The other one I visited the same month was at Prudes Creek Cemetery in Adger, Tuscaloosa County, Alabama. It’s for Martha and W.R. Gwin (and there are a *lot* of Gwins in this cemetery).
Graveshelter at Prudes Creek Cemetery, Adger AL//embedr.flickr.com/assets/client-code.js

Martha A. Gwin, March 14, 1852 – December 1932
W. R. Gwin, March 12, 1848 – November 10, 1946
Graveshelter at Prudes Creek Cemetery, Adger AL//embedr.flickr.com/assets/client-code.js

Graveshelter at Prudes Creek Cemetery, Adger AL//embedr.flickr.com/assets/client-code.js

This is a great cemetery. There’s a man nicknamed “Litebread” with a son nicknamed “Cornbread“. And behind this grave shelter, there’s this curious, wonderful design on a monument for Earley H. Gwin, who was born in 1899 and died in 1917:

Monument With Nice Scene, Earley H. Gwin, Prudes Creek Baptist Church Cemetery//embedr.flickr.com/assets/client-code.js

Monument With Nice Scene, Earley H. Gwin, Prudes Creek Baptist Church Cemetery//embedr.flickr.com/assets/client-code.js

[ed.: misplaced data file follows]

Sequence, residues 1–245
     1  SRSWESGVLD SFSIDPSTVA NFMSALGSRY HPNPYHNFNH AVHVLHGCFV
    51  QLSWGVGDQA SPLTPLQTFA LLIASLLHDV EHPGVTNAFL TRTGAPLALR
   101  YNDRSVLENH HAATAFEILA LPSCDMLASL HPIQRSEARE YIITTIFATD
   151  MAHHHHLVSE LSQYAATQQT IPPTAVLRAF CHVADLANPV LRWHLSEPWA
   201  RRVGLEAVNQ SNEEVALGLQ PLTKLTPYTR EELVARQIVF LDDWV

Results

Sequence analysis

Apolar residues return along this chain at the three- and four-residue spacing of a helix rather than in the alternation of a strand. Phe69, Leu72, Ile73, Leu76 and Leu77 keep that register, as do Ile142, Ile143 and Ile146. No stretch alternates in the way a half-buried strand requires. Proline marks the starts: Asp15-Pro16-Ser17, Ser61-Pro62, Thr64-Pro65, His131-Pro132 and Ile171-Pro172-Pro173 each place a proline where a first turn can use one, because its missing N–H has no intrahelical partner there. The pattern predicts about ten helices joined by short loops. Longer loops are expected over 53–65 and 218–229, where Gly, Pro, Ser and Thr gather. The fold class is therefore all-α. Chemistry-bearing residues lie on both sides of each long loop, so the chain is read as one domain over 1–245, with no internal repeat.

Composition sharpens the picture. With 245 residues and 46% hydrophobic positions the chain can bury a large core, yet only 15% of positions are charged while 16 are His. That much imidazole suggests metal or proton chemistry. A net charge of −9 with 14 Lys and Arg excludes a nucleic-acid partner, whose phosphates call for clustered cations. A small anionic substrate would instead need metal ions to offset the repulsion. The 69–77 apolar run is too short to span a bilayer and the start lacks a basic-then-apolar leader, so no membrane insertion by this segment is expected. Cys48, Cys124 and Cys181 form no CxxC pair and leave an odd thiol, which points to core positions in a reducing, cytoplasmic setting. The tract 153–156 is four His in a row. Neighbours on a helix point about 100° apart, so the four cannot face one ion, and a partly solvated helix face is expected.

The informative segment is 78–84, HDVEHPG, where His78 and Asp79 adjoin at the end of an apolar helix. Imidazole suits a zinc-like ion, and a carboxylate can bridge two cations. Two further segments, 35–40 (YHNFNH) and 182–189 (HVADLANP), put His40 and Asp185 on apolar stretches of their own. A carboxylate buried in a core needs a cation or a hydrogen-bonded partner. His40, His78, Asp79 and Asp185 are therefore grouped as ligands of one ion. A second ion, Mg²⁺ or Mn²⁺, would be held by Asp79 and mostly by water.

Monument With Nice Scene, Earley H. Gwin, Prudes Creek Baptist Church Cemetery//embedr.flickr.com/assets/client-code.js

Graveshelters At Sivley Cemetery, Dancy’s Chapel, And Ballinger Cemetery In North Alabama

I visited another large graveshelter, this one in the Sivley Cemetery in Lawrence County, Alabama, and it covers five graves including one for a baby.

Sivley Cemetery, Lawrence County AL//embedr.flickr.com/assets/client-code.js

Graveshelter, Sivley Cemetery, Lawrence County AL//embedr.flickr.com/assets/client-code.js

This graveshelter is more of a carport style, with the metal roofing, and has chain link surrounding.
Graveshelter, Sivley Cemetery, Lawrence County AL//embedr.flickr.com/assets/client-code.js

Bricks are used for curbing — those are just regular house bricks painted white — and artificial turf carpeting covers each grave. Other areas are covered with pea gravel.